There is, it is said, more than one way to skin a cat. Not that I, or you, the collective readership should concern ourselves with this grisly practice, but you should note the pleasure of possibility. I had been told, and believed, there was only one way to wear a suit. Englishmen are notoriously arrogant when it comes to suits. Some men believe that because a certain Regency fop is responsible for the shape and style of the modern suit, that the English, as the inventors, are naturally the best.
This is, of course, bunkum. We are never necessarily the best at anything we create; in fact, we are often sub-standard and sometimes appalling. Our lack of success in sports such as soccer, rugby, tennis and cricket are examples of this. Our trains and railways are some of the worst in Europe and the Germans and Swedes produce vacuum cleaners that make ours seem little more than glorified drinking straws.
Though we often, for a freak moment get it incredibly right, in continued development for the next 100 years or so, we sometimes get it badly wrong. The baton has passed on many an occasion to someone else and a lot of sore Englishmen are left with the small pride of the accident of invention.
On occasion, however, we not only get it right at the crucial moment of introduction, we make sure that we keep doing it right, and upgrading where needed to maintain our status as world leaders. The suit is an example of this, and although the English style of suit attire is currently more popular than ever, the Anglo style is not the only one; the cat can be skinned many a way.
The Continental suit is not a world away from the Englishman suit. It’s rather similar, but then it’s altogether quite a different thing; instead of a chicken roast, it’s chicken with Belgian fries. Usually a two or three button creation, but never double breasted, the Continental suit prefers espresso and croissants to toast and tea. The trousers are narrower and shorter than most suits which gives the Continental the badge of youth.
The materials and patterns are sharp and smart, but never fierce; no pin or chalk stripes. The Continental has been known to sport feint window-check patterns, but usually, cool Brussels blues and Geneva greys are the order of the day. Shirts are generally white and blue; the Continental is a busy man and has no time for choosing natty stripes or charming checks. Collars are either spread or tall, and ties are generally knitted creations in plain dark colours.
Knots are the size of a small pain au chocolat and the cuffs are always double. The Continental does adopt the Englishman affectation of wearing a pocket square, but he restricts himself to ironed white linen – leaving the Ros-bifs to their loud silk paisley. Famous advocates of the Continental include the late Gianni Agnelli, Bernard Arnault and Nicolas Sarkozy.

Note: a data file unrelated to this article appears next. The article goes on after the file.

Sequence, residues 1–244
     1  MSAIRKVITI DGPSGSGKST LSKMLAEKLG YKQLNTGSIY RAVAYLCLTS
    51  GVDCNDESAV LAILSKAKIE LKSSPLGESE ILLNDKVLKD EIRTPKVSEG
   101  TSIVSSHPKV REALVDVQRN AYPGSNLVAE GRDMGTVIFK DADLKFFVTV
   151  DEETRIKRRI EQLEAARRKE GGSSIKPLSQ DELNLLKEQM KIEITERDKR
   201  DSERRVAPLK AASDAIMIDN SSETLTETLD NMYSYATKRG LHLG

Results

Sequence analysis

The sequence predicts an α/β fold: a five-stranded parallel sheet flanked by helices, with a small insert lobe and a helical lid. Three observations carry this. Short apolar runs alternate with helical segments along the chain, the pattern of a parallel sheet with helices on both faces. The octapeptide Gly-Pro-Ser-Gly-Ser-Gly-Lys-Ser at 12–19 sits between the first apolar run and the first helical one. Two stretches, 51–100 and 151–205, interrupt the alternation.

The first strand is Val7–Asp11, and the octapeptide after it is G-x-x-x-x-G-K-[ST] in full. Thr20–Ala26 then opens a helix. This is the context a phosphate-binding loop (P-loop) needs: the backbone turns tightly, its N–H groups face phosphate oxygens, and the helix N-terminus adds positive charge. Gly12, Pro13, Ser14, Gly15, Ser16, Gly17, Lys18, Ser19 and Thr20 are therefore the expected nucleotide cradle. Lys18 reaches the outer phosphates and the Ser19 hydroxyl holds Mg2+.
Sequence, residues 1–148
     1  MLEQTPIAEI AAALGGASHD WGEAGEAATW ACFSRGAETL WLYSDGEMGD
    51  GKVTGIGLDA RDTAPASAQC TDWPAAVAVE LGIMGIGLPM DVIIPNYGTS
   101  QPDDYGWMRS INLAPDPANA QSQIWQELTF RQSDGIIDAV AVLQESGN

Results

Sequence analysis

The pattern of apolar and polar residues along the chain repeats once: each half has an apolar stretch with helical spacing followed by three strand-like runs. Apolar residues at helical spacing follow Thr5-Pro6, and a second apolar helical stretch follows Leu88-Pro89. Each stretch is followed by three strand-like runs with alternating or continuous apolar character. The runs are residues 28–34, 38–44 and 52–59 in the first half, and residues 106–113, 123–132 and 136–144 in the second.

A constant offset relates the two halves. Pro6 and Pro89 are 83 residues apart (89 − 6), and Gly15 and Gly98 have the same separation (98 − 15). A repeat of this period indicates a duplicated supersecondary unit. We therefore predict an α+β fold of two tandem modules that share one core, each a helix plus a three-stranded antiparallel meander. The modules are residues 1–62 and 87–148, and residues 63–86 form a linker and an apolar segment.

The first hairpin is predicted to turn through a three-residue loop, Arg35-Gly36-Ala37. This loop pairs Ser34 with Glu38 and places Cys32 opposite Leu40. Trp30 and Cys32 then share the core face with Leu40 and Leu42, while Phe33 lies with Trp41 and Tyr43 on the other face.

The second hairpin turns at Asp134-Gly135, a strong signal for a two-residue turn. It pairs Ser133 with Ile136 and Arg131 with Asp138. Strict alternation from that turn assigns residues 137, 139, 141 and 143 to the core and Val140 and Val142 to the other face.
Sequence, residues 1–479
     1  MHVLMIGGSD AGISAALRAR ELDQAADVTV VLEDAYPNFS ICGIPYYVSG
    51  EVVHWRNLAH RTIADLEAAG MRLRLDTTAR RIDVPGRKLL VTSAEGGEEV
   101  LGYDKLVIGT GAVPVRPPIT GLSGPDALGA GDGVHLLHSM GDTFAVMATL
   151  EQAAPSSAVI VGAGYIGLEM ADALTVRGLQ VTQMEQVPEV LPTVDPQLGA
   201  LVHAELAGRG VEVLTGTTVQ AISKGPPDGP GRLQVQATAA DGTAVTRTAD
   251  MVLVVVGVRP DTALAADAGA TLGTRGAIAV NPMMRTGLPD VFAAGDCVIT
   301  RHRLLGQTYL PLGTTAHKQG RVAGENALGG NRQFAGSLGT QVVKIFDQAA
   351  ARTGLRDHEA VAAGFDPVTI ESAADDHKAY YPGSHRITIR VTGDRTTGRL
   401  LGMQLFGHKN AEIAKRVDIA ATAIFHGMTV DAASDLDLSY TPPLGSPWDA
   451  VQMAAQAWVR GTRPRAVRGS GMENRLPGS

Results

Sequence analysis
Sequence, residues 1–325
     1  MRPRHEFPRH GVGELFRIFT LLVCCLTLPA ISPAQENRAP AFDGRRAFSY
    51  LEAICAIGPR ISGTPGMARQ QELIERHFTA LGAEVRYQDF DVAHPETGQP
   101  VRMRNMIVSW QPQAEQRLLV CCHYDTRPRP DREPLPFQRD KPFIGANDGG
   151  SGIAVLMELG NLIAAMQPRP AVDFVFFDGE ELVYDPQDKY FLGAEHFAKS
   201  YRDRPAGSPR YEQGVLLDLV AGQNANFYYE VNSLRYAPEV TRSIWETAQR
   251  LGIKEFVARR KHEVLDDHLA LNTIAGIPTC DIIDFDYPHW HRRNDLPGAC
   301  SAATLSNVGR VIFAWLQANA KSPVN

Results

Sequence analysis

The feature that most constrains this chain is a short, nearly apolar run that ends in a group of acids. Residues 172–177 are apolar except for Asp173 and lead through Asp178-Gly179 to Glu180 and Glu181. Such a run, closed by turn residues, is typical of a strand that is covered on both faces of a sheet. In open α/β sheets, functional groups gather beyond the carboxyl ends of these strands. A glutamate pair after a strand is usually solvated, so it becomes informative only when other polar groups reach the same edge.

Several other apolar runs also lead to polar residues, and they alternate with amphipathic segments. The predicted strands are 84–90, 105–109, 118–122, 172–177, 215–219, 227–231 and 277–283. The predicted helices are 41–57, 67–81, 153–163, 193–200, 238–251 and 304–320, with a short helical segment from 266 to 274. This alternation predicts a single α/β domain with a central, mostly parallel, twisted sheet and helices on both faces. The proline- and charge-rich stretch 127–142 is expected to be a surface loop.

Though he might have replaced his violin case with a briefcase, the Gangster still wants to be noticed. Although a lot of gangsters dressed respectably, initially in a bid to avoid likely arrest, this was taken to an extreme and this look is parodied as the gangster style. Double breasted and three-piece suits are the bread and butter; the Gangster suit is made of some of the most glaring fabrics available to tailors. Loud, contrasting chalk and pinstripes in charcoal grey and midnight blue, the Gangster suit is often made with bright, contrasting linings. Trousers are wider, more similar to Oxford bags of the 1930s in shape.
Shirts ape the Englishman style, but collars are mostly downward pointing. Coloured shirts with white collars are favourites, as are thick stripes, luxurious whites and pinks. Ties are generally colour-matched and though they are often bright, are usually tasteful. No skinny tie for the Gangster; he wants as much silk as he can lay his hands on, and he makes sure people can see it. Tie-pins are a rare, but elegant, accessory and pocket squares are bright and beautiful. Gangster gunners include Ozwald Boateng, Jay Z and Damon Dash.
The Italian is a close cousin of the Continental, but unlike his cousin, he respects the Englishman less. For you see, the Italian believes that he is the one true suit; beside him there is no other suit. He is certainly the most removed from the Englishman in terms of fit and style; he is much more relaxed and the trousers are looser and less tailored. The materials are different too. Whereas the Englishman uses thick worsted, the Italian uses fine wool and linen. The Englishman is breakfast at the Ritz and the Italian is brunch at Carluccio’s; he doesn’t need to prove anything.
Shirts are very rarely anything other than crisp white and the collar can be tall and contemporary like the Continental cousin, or soft and classic. The Italian likes to do ties differently too; thick silks in dark tones, tied in square-ish knots are never club-striped but can be dotted. The Italian is sometimes so modern, that he often goes without ties. To offset the shock of this look, he retains the effete pocket square, but he is united with his cousin, the Continental, in restricting himself to ironed white linen. Italian revolutionaries include George Clooney, Tom Ford and, naturally, Silvio Berlusconi.